Quote:
Originally Posted by v5v View Post

Quote:
Originally Posted by PhilBoogie View Post

[...] but they might surprise me. Just like people buying Blue-Ray DVD's.

I buy my media on optical discs because it's harder for the creator to dictate how and where and when I can view it, unlike the @#$%&!!! DRM-encumbered movies on the iTunes store.

Is that still DRM-ed? But one can sync it to an iPad? I do think a digital copy is a lot better than an OD; can't stick it in my comfy 747 chair so the creator is dictating I cannot easily watch a DVD during flight.
Quote:
Originally Posted by v5v View Post

I wish Apple would just spin off a "Pro" division to someone else who would be willing to build workstations instead of fashion accessories.

Why would they do that if they sell a Pro mac themselves? And I'd hardly want to call the iMac a fashion accessory.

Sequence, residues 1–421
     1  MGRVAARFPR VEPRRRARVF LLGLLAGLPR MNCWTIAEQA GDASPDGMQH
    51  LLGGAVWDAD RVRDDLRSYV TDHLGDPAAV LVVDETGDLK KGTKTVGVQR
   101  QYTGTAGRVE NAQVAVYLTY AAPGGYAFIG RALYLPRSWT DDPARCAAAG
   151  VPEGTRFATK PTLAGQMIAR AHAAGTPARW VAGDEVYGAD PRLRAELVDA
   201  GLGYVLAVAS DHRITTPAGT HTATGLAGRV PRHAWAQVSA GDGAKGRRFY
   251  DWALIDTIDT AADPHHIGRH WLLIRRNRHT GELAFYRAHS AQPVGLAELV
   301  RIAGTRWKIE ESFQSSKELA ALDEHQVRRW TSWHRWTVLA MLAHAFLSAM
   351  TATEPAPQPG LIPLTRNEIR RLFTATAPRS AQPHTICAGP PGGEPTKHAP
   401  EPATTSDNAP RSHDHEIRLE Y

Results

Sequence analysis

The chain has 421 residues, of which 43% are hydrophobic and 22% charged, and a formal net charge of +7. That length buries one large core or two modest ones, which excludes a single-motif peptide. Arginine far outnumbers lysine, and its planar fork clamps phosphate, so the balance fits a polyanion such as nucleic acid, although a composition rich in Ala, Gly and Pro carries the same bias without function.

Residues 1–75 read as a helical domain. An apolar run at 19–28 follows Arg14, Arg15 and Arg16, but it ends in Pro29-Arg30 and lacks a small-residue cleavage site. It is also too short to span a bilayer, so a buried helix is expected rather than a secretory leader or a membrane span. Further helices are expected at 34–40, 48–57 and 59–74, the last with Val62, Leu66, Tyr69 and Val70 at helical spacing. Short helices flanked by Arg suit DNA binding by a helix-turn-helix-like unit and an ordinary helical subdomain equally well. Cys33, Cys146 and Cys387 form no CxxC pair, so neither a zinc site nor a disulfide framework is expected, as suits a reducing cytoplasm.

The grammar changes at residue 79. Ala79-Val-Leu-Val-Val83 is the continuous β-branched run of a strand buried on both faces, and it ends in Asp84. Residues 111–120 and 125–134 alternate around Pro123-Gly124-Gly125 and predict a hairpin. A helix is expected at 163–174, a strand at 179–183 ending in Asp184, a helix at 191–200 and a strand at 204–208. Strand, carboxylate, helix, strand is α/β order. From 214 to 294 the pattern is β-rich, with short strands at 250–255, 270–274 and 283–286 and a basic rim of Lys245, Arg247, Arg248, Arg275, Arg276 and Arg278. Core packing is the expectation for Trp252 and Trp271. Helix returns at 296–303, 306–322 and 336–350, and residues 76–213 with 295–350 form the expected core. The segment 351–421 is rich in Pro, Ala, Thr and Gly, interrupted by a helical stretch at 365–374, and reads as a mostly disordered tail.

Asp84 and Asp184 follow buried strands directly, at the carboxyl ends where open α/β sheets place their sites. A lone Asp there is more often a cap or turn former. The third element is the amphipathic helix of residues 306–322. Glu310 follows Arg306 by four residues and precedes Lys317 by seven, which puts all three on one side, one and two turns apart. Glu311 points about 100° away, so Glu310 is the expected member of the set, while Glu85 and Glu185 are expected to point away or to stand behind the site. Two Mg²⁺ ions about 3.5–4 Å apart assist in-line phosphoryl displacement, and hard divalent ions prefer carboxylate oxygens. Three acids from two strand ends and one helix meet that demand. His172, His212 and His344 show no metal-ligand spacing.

Quote:
Originally Posted by tylersdad View Post

I could buy movies on iTunes, but why would I pay more for quality inferior to Blu Ray?

Ease of use. Just sync a couple of vids to your iPad. Your carrying an iPad anyway, so no need for extra discs to carry.
Quote:
Originally Posted by Darthgorilla View Post

Still feel the iPad mini is a fraction over priced.

I wish they'd ask $999 for the 16GB model so we'd have less people complaining about the price!
Quote:
Originally Posted by Suddenly Newton View Post

When you insert a DVD into a PC running a clean copy of Windows XP, Windows Media Player would launch and tell you that Windows doesn't ship with a codec for playing back DVD video…

That really was the pits! What were they thinking? An 1997 invention, not supported in an 2001 OS? From MS, really? I was flabbergasted.
Quote:
Originally Posted by v5v View Post

We've upgraded our Pro multiple times. Bigger drives as they became available. More RAM when it got cheap and we started doing more video intensive work. At one point we were looking at swapping out the video card, and we've added and/or upgraded peripheral I/O PCI cards twice. I don't know why you think people don't actually do upgrades. That flexibility is part of the reason we bought that kind of machine in the first place. Perhaps you don't/wouldn't, but that isn't reason to assume others don't.